Have you started planning for retirement? Whether retirement is just a few years away or decades, these tips and tools can help you keep your plan on track.

The sooner you start saving, the more time it has to grow.

Create Your my Social Security Account

A my Social Security account is free and is available to everyone who is at least 18 years old and has a Social Security number. An account allows you to get your Social Security statement, get personalized retirement benefit estimates. Create an account on the Social Security website. Regularly checking your statement allows you to check your earnings history and make sure it is correct. Once you begin receiving benefits you can change your address and manage your direct deposit.

To create an account, you will need to verify information about yourself. In addition, you will need a valid email address and a U.S. mailing address.

Plan When to Start Receiving Social Security

You have a choice on when to start receiving your Social Security benefits. The longer you wait the larger your monthly amount. Full retirement age ranges from 66 for those born from 1943 to 1954, to 67 for those born in 1960 or later. For those born in 1955 through 1959, full retirement age gradually increases in 2 month increments from 66 year 2 months (1955) to 66 years 10 months (1959).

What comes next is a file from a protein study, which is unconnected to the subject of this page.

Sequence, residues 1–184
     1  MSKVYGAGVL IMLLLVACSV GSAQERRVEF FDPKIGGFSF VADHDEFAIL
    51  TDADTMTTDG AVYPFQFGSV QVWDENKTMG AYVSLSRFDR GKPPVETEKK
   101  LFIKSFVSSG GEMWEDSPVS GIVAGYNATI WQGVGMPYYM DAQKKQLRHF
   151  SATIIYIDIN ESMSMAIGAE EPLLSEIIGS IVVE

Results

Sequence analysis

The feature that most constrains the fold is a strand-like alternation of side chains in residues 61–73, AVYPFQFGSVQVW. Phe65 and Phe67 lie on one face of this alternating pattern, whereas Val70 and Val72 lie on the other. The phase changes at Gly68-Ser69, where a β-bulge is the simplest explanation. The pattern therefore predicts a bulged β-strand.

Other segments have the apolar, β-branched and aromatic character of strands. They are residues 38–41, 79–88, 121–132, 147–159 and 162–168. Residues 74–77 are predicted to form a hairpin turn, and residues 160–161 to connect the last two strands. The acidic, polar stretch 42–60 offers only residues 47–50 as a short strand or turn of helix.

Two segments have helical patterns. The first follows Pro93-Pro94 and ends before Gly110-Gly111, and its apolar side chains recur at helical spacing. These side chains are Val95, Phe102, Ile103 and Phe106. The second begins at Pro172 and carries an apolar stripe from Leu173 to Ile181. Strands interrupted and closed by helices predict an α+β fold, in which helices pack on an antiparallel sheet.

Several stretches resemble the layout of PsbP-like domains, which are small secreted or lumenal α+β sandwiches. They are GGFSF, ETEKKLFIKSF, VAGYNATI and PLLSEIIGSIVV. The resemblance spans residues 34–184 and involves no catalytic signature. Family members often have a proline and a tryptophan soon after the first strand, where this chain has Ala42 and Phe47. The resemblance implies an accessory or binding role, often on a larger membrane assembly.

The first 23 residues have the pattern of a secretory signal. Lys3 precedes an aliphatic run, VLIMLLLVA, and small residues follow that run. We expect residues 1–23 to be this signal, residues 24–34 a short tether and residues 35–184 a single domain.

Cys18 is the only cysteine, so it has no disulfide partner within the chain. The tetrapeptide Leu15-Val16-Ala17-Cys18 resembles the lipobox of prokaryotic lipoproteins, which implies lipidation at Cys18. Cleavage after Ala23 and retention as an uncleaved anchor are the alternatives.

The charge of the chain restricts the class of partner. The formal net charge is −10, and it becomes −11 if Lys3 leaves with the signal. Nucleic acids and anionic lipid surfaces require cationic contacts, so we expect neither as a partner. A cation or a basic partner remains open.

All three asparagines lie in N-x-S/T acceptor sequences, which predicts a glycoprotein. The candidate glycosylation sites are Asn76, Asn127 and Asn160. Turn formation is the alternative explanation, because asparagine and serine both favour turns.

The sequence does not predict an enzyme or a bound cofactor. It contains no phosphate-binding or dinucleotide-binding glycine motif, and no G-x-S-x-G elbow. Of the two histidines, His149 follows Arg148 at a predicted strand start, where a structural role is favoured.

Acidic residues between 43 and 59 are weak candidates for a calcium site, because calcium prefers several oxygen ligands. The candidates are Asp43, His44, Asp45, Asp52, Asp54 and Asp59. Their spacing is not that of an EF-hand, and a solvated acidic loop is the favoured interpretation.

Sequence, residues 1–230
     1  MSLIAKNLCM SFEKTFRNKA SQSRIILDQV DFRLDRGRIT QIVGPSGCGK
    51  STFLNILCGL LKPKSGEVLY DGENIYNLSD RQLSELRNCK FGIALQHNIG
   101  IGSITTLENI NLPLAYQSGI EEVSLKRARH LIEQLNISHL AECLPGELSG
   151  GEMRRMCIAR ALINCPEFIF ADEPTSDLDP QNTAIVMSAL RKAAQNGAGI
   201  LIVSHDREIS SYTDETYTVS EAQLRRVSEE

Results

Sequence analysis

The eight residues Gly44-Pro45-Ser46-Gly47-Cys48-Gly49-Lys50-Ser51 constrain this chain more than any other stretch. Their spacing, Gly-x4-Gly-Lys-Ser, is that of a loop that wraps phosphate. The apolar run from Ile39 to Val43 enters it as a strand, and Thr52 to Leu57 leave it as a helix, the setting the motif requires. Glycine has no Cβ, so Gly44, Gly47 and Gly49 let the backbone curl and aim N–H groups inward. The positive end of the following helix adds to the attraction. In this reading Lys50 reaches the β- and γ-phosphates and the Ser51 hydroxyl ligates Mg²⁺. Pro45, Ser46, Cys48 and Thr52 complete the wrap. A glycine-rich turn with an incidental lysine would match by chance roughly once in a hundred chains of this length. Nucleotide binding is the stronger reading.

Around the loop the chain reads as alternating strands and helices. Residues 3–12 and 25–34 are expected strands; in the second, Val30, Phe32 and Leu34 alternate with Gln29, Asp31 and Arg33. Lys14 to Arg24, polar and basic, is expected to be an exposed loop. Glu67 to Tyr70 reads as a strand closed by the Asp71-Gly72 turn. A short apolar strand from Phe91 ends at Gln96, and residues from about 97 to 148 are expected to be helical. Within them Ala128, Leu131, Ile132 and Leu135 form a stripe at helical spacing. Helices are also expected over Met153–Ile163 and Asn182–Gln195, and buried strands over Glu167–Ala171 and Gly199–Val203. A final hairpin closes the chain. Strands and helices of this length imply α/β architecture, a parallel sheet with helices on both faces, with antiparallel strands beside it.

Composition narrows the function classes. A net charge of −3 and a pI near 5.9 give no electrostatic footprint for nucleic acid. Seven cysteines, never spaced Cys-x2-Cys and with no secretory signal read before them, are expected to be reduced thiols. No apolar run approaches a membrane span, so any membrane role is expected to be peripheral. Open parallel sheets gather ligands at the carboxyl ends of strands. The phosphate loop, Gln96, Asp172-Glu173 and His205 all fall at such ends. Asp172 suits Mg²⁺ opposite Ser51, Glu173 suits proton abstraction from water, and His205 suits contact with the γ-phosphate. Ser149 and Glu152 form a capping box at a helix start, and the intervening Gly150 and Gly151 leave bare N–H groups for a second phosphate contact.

Other choices include early or delayed retirement. You can start receiving benefits as early as 62 but your monthly amount will be less than the amount received at full retirement. If you delay benefits beyond your full retirement age, your benefit will continue to increase up until age 70.

You can get a retirement estimate based on your actual earnings history through your my Social Security account. Or you can a rough estimate with this tool from the Consumer Financial Protection Bureau (CFPB).

Take Advantage of Retirement Accounts

Retirement accounts are designed to save specifically for retirement. There are usually tax advantages for contributing to these plans.

If your employer offers a retirement account, such as a 401(k), sign up. If your employer matches your contribution, try to contribute enough to qualify for the match.

Even if your employer doesn't offer a retirement account, you can still save for retirement through an IRA (individual retirement account).

A tip: The sooner you start saving, the more time it has to grow.

The IRS provides more information about types of retirement plans.

For more retirement planning tips, check out this brochure from the US Department of Labor.